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Taking A Look At NetApp Inc’s (NASDAQ:NTAP) ROE

Many investors are still learning about the various metrics that can be useful when analysing a stock. This article is for those who would like to learn about Return On Equity (ROE). We’ll use ROE to examine NetApp Inc (NASDAQ:NTAP), by way of a worked example.

Our data shows NetApp has a return on equity of 19% for the last year. One way to conceptualize this, is that for each $1 of shareholders’ equity it has, the company made $0.19 in profit.

View our latest analysis for NetApp

How Do I Calculate ROE?

The formula for return on equity is:

Return on Equity = Net Profit ÷ Shareholders’ Equity

Or for NetApp:

19% = 295 ÷ US$1.5b (Based on the trailing twelve months to October 2018.)

It’s easy to understand the ‘net profit’ part of that equation, but ‘shareholders’ equity’ requires further explanation. It is all the money paid into the company from shareholders, plus any earnings retained. You can calculate shareholders’ equity by subtracting the company’s total liabilities from its total assets.

What Does Return On Equity Mean?

Return on Equity measures a company’s profitability against the profit it has kept for the business (plus any capital injections). The ‘return’ is the yearly profit. The higher the ROE, the more profit the company is making. So, all else equal, investors should like a high ROE. Clearly, then, one can use ROE to compare different companies.

Does NetApp Have A Good ROE?

Arguably the easiest way to assess company’s ROE is to compare it with the average in its industry. However, this method is only useful as a rough check, because companies do differ quite a bit within the same industry classification. You can see in the graphic below that NetApp has an ROE that is fairly close to the average for the tech industry (17%).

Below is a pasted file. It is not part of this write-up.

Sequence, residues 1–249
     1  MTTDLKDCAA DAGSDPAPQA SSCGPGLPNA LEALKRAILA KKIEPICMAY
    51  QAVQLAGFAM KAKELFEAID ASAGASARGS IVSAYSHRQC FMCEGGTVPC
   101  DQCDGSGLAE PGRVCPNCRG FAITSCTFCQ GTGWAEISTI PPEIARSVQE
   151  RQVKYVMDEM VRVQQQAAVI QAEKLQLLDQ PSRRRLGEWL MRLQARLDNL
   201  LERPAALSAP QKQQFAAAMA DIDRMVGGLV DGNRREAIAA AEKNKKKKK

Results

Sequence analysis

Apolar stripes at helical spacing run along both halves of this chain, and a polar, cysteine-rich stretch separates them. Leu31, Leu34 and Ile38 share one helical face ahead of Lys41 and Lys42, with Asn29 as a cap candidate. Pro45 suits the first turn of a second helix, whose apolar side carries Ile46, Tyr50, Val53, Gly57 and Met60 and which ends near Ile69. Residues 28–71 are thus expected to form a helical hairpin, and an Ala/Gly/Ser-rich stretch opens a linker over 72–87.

NasdaqGS:NTAP Last Perf November 22nd 18

That’s neither particularly good, nor bad. Of course, this year’s ROE might be a product of last year’s decisions. So savvy investors often note how long the CEO has been in that position.

Why You Should Consider Debt When Looking At ROE

Virtually all companies need money to invest in the business, to grow profits. That cash can come from retained earnings, issuing new shares (equity), or debt. In the first two cases, the ROE will capture this use of capital to grow. In the latter case, the debt used for growth will improve returns, but won’t affect the total equity. That will make the ROE look better than if no debt was used.

NetApp’s Debt And Its 19% ROE

NetApp clearly uses a significant amount debt to boost returns, as it has a debt to equity ratio of 1.17. There’s no doubt the ROE is respectable, but it’s worth keeping in mind that metric is elevated by the use of debt. Debt does bring some extra risk, so it’s only really worthwhile when a company generates some decent returns from it.

The Key Takeaway

Return on equity is a useful indicator of the ability of a business to generate profits and return them to shareholders. In my book the highest quality companies have high return on equity, despite low debt. All else being equal, a higher ROE is better.

Having said that, while ROE is a useful indicator of business quality, you’ll have to look at a whole range of factors to determine the right price to buy a stock. It is important to consider other factors, such as future profit growth — and how much investment is required going forward. So I think it may be worth checking this free report on analyst forecasts for the company.

If you would prefer check out another company — one with potentially superior financials — then do not miss this free list of interesting companies, that have HIGH return on equity and low debt.

To help readers see past the short term volatility of the financial market, we aim to bring you a long-term focused research analysis purely driven by fundamental data. Note that our analysis does not factor in the latest price-sensitive company announcements.

The author is an independent contributor and at the time of publication had no position in the stocks mentioned. For errors that warrant correction please contact the editor at editorial-team@simplywallst.com.